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Income Inequality, Income, and Internet Searches for Status Goods: A Cross-National Study of the Association Between Inequality and Well-Being

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  • Lukasz Walasek

    () (University of Warwick)

  • Gordon D. A. Brown

    (University of Warwick)

Abstract

Abstract Is there a positive association between a nation’s income inequality and concerns with status competition within that nation? Here we use Google Correlate and Google Trends to examine frequency of internet search terms and find that people in countries in which income inequality is high search relatively more frequently for positional brand names such as Prada, Louis Vuitton, or Chanel. This tendency is stronger among well-developed countries. We find no evidence that income alone is associated with searches for positional goods. We also present evidence that the concern with positional goods does not reflect non-linear effects of income on consumer spending, either across nations or (extending previous findings that people who live in unequal US States search more for positional goods) within the USA. It is concluded that income inequality is associated with greater concerns with positional goods, and that this concern is reflected in internet searching behaviour.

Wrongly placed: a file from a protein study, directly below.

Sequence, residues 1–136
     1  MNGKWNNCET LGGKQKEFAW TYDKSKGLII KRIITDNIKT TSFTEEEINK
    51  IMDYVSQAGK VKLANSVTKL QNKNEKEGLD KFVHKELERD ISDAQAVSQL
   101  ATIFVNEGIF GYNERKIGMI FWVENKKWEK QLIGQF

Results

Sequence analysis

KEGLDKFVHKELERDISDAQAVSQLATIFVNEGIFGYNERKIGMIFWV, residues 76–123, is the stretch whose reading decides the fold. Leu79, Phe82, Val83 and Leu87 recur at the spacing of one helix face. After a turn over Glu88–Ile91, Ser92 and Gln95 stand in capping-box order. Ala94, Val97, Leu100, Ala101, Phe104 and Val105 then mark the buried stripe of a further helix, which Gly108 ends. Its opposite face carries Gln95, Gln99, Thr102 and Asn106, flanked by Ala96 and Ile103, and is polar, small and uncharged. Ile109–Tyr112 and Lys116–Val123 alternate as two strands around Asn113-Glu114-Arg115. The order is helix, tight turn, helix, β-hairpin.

Suggested Citation

  • Lukasz Walasek & Gordon D. A. Brown, 2016. "Income Inequality, Income, and Internet Searches for Status Goods: A Cross-National Study of the Association Between Inequality and Well-Being," Social Indicators Research: An International and Interdisciplinary Journal for Quality-of-Life Measurement, Springer, vol. 129(3), pages 1001-1014, December.
  • Handle: RePEc:spr:soinre:v:129:y:2016:i:3:d:10.1007_s11205-015-1158-4
    DOI: 10.1007/s11205-015-1158-4
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    References listed on IDEAS

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    6. Bricker, Jesse & Ramcharan, Rodney & Krimmel, Jacob, 2014. "Signaling Status: The Impact of Relative Income on Household Consumption and Financial Decisions," Finance and Economics Discussion Series 2014-76, Board of Governors of the Federal Reserve System (U.S.).
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